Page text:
Question 325 of 365: What is our stealth bomber?

A B-2 Spirit soars after a refueling mission o...
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Fruit snacks are one of the most incredible treats to a child. The molded gelatinous fruit juice in the shapes of favorite cartoon characters or objects is treasured almost beyond understanding. They are toys, they are dolls, and they are food. You can get them stuck in your teeth for hours and while you try to push them around with your tongue, you taste the grape goodness with each attempt. You can line them up on the table and watch as they dwindle down to nothing, each one flying into your mouth with joy and intrigue for the forthcoming flavor.

My favorite fruit snack was a child was called Thunder Jets. It wasn’t that I wanted to be a pilot or that I particularly couldn’t get enough of flying them through the air on the way to my mouth. It was the fact that the stealth bomber, the most secret weapon of 1980’s boyhood didn’t come in every pack. It was the one fruit snack that you searched for over any other. You wanted to know if you had been chosen by the snack gods to have the sweet taste of the elusive black airplane.

If I was so lucky as to have received a bomber, I would always put it aside and let it watch all of the other planes as they dive bombed into my mouth. I would always save the most special treat for last. I would treat it with respect and play with it longer than any sticky foodstuff should be played with before reaching its final destination. It would do barrel rolls and it would make rescue runs at the imaginary people on the table. I would show it off to my friends who had to go without the pleasure of knowing the bomber on that day. I would taunt them as I lifted it high into the air and let it drop casually into my mouth, as if it were nothing that I had the envy of everyone at the snack table.

This was why I loved Thunder Jets. I was attached to them because of their exclusive and differentiating influence. The stealth bomber represented, if for only a few minutes, the feeling of winning at a game that we all wanted to play. I came out ahead and everything was put right for just a moment. And it was delicious.

I wonder what my stealth bomber is now. I feel as though owning an iPad is no longer something that sets us apart. You aren’t really winning when everyone else has their “magical” device of choice. It isn’t a particular watch or handbag or house or car, either. None of those things really seem like you were chosen for something bigger and better. The honor of having a stealth bomber is so much more significant because it wasn’t a choice.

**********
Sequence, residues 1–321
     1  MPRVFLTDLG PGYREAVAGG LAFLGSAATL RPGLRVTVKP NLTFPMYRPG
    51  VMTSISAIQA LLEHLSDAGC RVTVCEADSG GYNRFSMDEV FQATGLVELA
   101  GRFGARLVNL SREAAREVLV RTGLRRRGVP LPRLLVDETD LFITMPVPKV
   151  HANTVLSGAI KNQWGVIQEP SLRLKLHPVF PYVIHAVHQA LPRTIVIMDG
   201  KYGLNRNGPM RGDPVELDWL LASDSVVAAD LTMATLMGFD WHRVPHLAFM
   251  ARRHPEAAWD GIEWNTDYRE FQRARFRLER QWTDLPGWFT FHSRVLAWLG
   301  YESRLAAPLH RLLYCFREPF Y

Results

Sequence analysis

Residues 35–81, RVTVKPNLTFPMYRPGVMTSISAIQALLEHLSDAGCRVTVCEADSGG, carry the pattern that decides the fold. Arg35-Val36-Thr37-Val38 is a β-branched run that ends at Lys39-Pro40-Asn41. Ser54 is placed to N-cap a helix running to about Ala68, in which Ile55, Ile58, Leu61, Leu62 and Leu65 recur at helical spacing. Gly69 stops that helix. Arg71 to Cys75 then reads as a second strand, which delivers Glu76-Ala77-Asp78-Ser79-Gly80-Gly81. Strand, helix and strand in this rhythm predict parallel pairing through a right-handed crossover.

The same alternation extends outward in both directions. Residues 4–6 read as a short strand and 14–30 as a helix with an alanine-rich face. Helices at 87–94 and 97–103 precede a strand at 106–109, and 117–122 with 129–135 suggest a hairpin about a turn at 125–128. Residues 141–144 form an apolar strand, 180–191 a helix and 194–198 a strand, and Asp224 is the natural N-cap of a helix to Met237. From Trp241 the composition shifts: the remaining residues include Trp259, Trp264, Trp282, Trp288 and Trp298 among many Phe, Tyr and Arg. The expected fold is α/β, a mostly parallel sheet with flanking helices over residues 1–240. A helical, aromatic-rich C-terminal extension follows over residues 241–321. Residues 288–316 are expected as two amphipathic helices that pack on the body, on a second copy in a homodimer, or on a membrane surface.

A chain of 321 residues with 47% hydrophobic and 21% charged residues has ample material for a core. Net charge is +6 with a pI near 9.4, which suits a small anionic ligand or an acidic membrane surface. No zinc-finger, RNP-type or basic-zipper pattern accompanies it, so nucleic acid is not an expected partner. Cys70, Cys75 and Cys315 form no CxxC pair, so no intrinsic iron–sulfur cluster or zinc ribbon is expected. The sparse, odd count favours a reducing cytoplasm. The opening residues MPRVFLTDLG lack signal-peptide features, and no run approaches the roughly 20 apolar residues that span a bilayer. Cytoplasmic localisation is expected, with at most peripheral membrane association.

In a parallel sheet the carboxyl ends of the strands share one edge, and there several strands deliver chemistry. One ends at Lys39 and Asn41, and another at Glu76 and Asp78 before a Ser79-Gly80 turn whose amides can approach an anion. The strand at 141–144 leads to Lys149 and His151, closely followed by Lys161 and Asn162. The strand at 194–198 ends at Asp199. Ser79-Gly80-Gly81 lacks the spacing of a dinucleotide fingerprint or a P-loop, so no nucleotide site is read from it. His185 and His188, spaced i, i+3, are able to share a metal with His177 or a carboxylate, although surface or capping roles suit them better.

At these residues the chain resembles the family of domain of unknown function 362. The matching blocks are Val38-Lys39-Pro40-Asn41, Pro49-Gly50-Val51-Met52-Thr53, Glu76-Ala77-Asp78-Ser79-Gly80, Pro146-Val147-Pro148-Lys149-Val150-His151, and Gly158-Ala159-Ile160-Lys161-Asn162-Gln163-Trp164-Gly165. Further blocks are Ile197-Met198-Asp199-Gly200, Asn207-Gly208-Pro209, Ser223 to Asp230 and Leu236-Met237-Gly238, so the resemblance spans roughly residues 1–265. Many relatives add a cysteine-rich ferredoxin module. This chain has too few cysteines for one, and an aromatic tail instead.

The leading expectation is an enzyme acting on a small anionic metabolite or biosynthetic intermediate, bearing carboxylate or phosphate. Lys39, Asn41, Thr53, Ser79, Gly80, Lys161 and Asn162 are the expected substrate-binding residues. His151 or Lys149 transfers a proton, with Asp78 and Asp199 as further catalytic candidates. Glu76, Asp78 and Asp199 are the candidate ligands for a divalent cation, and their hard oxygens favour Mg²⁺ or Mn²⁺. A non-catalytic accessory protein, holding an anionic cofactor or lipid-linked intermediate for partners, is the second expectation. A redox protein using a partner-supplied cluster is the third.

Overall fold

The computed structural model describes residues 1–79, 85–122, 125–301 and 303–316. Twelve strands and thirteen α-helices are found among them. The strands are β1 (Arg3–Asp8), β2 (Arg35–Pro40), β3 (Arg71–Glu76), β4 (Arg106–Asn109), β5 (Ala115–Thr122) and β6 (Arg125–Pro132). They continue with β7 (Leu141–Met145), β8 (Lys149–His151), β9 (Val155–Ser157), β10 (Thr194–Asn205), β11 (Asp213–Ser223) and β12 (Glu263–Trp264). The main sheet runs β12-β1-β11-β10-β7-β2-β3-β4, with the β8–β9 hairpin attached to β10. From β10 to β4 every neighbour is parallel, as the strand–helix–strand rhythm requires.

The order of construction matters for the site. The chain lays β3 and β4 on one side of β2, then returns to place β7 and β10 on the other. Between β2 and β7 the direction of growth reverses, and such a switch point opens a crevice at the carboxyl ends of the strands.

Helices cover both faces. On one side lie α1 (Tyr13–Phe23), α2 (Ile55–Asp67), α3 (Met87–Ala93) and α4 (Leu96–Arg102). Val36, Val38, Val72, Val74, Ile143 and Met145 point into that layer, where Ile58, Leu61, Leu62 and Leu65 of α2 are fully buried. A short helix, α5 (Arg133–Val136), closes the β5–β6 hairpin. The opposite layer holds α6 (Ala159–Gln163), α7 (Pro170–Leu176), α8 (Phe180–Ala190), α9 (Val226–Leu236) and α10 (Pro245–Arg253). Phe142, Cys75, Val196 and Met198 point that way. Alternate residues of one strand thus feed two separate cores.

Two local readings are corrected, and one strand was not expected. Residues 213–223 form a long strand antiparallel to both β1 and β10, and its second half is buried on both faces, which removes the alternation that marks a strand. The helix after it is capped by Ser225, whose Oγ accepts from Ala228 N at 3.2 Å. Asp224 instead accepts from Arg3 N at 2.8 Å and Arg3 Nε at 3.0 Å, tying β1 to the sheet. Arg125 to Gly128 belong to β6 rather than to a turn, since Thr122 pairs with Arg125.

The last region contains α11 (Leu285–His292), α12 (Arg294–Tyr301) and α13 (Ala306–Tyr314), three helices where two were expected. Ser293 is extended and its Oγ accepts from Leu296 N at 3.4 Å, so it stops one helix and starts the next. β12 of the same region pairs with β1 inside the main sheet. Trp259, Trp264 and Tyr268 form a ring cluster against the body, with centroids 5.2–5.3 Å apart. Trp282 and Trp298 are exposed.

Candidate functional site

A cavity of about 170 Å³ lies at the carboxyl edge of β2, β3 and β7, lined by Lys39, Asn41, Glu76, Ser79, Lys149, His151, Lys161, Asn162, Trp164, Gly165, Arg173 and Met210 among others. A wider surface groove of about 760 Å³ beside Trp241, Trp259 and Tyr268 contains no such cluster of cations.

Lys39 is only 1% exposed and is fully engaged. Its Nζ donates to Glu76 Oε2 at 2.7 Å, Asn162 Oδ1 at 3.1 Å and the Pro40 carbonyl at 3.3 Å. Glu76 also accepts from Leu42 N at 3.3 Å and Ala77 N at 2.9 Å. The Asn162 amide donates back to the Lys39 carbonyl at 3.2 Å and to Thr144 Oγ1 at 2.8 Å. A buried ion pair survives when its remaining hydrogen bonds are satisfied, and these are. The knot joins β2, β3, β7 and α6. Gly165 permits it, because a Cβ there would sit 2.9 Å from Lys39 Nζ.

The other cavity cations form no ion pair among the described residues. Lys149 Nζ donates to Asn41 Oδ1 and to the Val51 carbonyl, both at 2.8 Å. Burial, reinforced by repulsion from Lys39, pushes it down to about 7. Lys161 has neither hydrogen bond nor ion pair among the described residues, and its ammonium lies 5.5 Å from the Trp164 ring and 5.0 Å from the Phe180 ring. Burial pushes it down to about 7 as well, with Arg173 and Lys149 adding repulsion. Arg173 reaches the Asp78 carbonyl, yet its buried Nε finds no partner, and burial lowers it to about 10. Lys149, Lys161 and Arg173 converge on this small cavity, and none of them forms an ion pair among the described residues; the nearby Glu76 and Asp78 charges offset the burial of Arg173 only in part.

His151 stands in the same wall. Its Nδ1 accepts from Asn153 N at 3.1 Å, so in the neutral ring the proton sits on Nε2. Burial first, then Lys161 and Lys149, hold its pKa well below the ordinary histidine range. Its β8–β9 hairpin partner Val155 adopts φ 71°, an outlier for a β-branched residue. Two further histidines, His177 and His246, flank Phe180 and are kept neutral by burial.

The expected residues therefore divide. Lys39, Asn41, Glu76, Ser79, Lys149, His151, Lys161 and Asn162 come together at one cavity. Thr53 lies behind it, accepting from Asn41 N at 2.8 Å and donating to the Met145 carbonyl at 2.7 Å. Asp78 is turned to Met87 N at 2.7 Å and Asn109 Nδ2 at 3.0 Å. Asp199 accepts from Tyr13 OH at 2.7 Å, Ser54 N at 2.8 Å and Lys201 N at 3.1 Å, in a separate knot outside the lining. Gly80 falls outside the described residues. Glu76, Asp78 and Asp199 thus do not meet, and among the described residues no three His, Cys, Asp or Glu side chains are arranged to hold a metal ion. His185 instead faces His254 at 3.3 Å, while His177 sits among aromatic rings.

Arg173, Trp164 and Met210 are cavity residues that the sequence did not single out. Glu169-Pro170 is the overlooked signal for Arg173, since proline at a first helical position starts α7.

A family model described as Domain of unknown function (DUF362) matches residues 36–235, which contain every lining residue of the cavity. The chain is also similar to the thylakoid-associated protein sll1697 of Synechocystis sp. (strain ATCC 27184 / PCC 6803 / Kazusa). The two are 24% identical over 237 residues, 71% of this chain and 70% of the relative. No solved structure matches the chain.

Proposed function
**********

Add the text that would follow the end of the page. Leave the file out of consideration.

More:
It’s possible that the stealth bomber of today is the “like” button. It is the validation that through merely being yourself, others will promote you. It is the fact that because you shared that link or single wonderful quip that you will be showered with praise and others will look on in envy. It is the differentiating factor between the events that have significance and those that do not. It is in knowing that everything you do will not be liked and commented on that lets you know just how valuable the moments of being “liked” are.

While the moment of opening a Thunder Jets pack and finding a bomber is gone for me forever (the RIP facebook group has already been set up), I know that I can still feel the sensation of holding up a little piece of aspiration and flying it around for the world to see as they all “like” it. I can still internalize that feeling and savor and swallow the moment until I can unwrap a new thought worthy of showing off.

The more I think about it, perhaps my whole life is a big bag of Thunder Jets now. Is that a good thing?

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